The last time unions representing Las Vegas casino workers opted for major industrial action, it resulted in members of five unions picketing the now-defunct Frontier Casino for six years.
Now, 20 years since the end of that particular stand-off, members of Culinary Union Local 226 – Nevada’s biggest union – have voted to authorize a strike at 10 downtown casinos. The action will also include the Margaritaville restaurant on the Strip and Brady Laundries, a linen service-provider for casinos.
Majority Say Yes to Strike
Local 266, which represents around 5,000 cooks, cleaners, bartenders, cocktail waitresses, porters, and others across all the properties, said that 99 percent of workers who voted did so in favor of the action.
The downtown properties affected by strike action will be the Golden Nugget, Four Queens, Binion’s, El Cortez, Fremont, Golden Gate, Las Vegas Club, Las Vegas Plaza, Main Street Station, and The D. Many of these are independent properties, which means that union representatives must negotiate with each separately.
The vote follows 18 months of deliberations between the union and the casinos on issues such as health benefits, better wages, and a guaranteed work week. An agreement was reached last week with the LVH casino, while MGM Resorts International and Caesars Entertainment Corp. – both of which have numerous Strip entities – settled earlier in the year, as did some independent casinos like the Stratosphere, Riviera, Tropicana, and Treasure Island.
These deals contain stipulations regarding the preservation of health benefits and add measures to protect housekeepers from dangerous working conditions, as well protecting restaurant workers who were laid off during the recession.
Obamacare At Issue
Obamacare has been a major sticking point in all this. The union feels that rising healthcare costs due to the (apparently not very) Affordable Care Act could put worker’s traditional benefits in jeopardy, which include free healthcare coverage for workers.
“The biggest hurdle to reaching settlements in Vegas is the new costs imposed on our health plan by Obamacare,” said the president of Local 226’s parent union Unite Here, Donald Taylor. “Even though the President and Congress promised we could keep our health plan, the reality is, unless the law is fixed, that won’t be true.”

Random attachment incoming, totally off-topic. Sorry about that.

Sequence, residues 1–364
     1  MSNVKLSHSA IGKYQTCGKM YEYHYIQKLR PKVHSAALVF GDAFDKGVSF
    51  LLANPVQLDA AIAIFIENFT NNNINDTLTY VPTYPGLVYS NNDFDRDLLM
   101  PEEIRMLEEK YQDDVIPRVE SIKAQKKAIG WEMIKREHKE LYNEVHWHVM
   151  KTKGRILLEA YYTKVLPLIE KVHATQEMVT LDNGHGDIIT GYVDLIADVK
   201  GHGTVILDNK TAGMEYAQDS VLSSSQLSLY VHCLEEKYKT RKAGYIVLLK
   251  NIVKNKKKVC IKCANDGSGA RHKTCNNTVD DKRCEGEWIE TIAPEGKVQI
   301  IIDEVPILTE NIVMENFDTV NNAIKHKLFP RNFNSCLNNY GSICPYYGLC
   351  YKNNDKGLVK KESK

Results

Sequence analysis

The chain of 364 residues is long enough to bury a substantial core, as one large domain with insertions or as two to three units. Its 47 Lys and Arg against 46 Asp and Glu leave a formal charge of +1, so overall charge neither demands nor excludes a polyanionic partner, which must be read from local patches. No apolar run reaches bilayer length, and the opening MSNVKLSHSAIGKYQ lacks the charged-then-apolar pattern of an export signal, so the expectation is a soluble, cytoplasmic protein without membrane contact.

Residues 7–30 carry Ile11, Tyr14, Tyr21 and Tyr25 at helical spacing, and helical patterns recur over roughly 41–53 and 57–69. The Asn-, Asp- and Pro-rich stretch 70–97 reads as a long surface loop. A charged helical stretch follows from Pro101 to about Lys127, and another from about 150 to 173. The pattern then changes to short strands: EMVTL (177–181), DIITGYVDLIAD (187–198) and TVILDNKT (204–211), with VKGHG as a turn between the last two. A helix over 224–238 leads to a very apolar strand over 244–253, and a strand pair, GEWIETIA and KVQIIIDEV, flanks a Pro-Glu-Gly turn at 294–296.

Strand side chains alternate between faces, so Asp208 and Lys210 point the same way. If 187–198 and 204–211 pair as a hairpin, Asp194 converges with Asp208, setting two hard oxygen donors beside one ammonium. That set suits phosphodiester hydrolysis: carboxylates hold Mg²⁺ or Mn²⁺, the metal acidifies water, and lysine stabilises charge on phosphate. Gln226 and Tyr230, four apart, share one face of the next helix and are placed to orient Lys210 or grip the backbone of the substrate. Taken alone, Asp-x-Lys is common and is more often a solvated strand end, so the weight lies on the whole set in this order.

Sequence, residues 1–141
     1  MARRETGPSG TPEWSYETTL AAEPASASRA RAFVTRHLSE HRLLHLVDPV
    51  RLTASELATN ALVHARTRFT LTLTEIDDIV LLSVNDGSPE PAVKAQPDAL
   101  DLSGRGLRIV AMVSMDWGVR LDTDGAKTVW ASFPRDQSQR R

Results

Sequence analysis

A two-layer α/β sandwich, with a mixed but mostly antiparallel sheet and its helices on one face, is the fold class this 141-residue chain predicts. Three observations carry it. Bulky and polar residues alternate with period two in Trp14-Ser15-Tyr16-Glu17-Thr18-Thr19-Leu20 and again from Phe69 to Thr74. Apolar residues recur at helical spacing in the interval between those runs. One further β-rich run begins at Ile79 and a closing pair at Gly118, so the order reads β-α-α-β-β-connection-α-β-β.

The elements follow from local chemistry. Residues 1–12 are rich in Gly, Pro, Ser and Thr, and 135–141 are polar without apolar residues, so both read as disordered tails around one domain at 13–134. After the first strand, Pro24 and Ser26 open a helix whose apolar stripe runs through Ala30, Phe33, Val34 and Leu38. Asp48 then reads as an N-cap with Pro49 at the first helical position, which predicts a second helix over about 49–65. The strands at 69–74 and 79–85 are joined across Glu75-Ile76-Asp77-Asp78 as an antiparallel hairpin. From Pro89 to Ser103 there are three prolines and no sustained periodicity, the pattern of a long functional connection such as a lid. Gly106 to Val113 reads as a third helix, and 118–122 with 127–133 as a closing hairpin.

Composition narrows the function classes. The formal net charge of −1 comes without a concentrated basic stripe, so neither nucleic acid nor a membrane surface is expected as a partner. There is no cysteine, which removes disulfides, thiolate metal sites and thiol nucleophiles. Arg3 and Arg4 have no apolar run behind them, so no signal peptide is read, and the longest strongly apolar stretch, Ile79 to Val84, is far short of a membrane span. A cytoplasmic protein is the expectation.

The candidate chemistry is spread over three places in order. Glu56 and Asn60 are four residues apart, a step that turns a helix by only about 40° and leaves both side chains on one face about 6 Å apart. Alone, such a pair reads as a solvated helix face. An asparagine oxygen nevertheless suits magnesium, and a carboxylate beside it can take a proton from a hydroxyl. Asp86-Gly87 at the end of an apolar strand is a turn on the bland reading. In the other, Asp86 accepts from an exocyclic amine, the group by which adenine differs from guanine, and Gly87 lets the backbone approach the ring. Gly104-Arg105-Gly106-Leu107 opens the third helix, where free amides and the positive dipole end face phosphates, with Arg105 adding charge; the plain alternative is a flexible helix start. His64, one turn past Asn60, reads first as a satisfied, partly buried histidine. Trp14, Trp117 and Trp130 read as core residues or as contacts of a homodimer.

Barbara Chambers was one union member who voted for the strike. A status board operator at the Fremont for the past 35 years, she told media sources this week that she wanted to show her employers that “the Fremont wouldn’t be the Fremont if it wasn’t for the back-of-the-house workers.
“I’d strike for as long as I have to,” Chambers said.
In 2013, workers agreed to increase their union subscriptions by $25 per month in preparation for a possible strike. Under that deal, each member will receive that money back in return for at least four hours of picketing, and it seems that many are raring to go.
Margaritaville prep cook Chad Neanover told media: “I’d strike for as long as I have to strike,” explaining that without his benefits he’d struggle to support his two kids and to pay for his wife’s diabetes medication.
Union Local 226 has yet to say when the action will start. However, it seems that, as well as negotiating the occasional light and sound show as they stroll down Fremont Street, tourists to “Glitter Gulch” may soon have to step over the odd picket line or two.